On Sep 11, 2007, at 2:16 AM, Patrick H. Lauke wrote:

Quoting "Tee G. Peng" <[EMAIL PROTECTED]>:

If it's decorative image, why not make it to background image? This is
most appropriate way to handle it, and you don't need to worry about
blank alt tag.

Depending on the situation, it's not always possible to add images as non-repeating CSS. For instance, think of a CMS environment with multiple, non-technical authors using a WYSIWYG plugin/editor. It's unrealistic in those situations to expect those authors to assign an ID to a container element, add appropriate padding, and set the image as CSS background (also often they won't even be able to add CSS in the first place).

For hand-crafted pages, done by a web artisan, it's true that using CSS is the more elegant solution. It's just not appropriate in all situations at this point.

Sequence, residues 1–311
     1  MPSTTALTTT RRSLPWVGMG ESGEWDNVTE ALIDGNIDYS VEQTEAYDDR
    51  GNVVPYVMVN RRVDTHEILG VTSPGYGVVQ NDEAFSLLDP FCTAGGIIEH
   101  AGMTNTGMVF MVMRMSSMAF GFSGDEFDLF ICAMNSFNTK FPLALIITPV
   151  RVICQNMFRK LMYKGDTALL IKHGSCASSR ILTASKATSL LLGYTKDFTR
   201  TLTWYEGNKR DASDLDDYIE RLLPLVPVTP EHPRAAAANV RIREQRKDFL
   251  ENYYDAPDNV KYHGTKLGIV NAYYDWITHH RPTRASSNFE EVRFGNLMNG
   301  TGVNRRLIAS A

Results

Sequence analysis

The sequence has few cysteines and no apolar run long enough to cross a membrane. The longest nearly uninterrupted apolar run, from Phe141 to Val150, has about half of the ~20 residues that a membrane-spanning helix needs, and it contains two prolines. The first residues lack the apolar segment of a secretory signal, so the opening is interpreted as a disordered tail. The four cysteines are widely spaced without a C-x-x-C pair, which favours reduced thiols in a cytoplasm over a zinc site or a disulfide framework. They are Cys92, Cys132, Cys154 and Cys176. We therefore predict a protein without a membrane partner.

Hmmm, I didn't think about that. My clients asked me how to add *decorative* images by themselves, I asked are they any meaning/ purpose of those images, are they echo to your content, they said no I just wanted my page looks nice in certain area. I told them sorry you can't do that, because if it's decorative purposes I already took care of it in the CSS.

To me, an decorative object is something that pleases or upsets my eyes, it may bring up an emotion, but taking it away (or without adding extra later on), the purpose of the 'website' is still complete. Those photos in Flicker, are not decorative images to me.

I guess this is just how one interprets 'decorative' :)

tee


*******************************************************************
List Guidelines: http://webstandardsgroup.org/mail/guidelines.cfm
Unsubscribe: http://webstandardsgroup.org/join/unsubscribe.cfm
Help: [EMAIL PROTECTED]
*******************************************************************

Reply via email to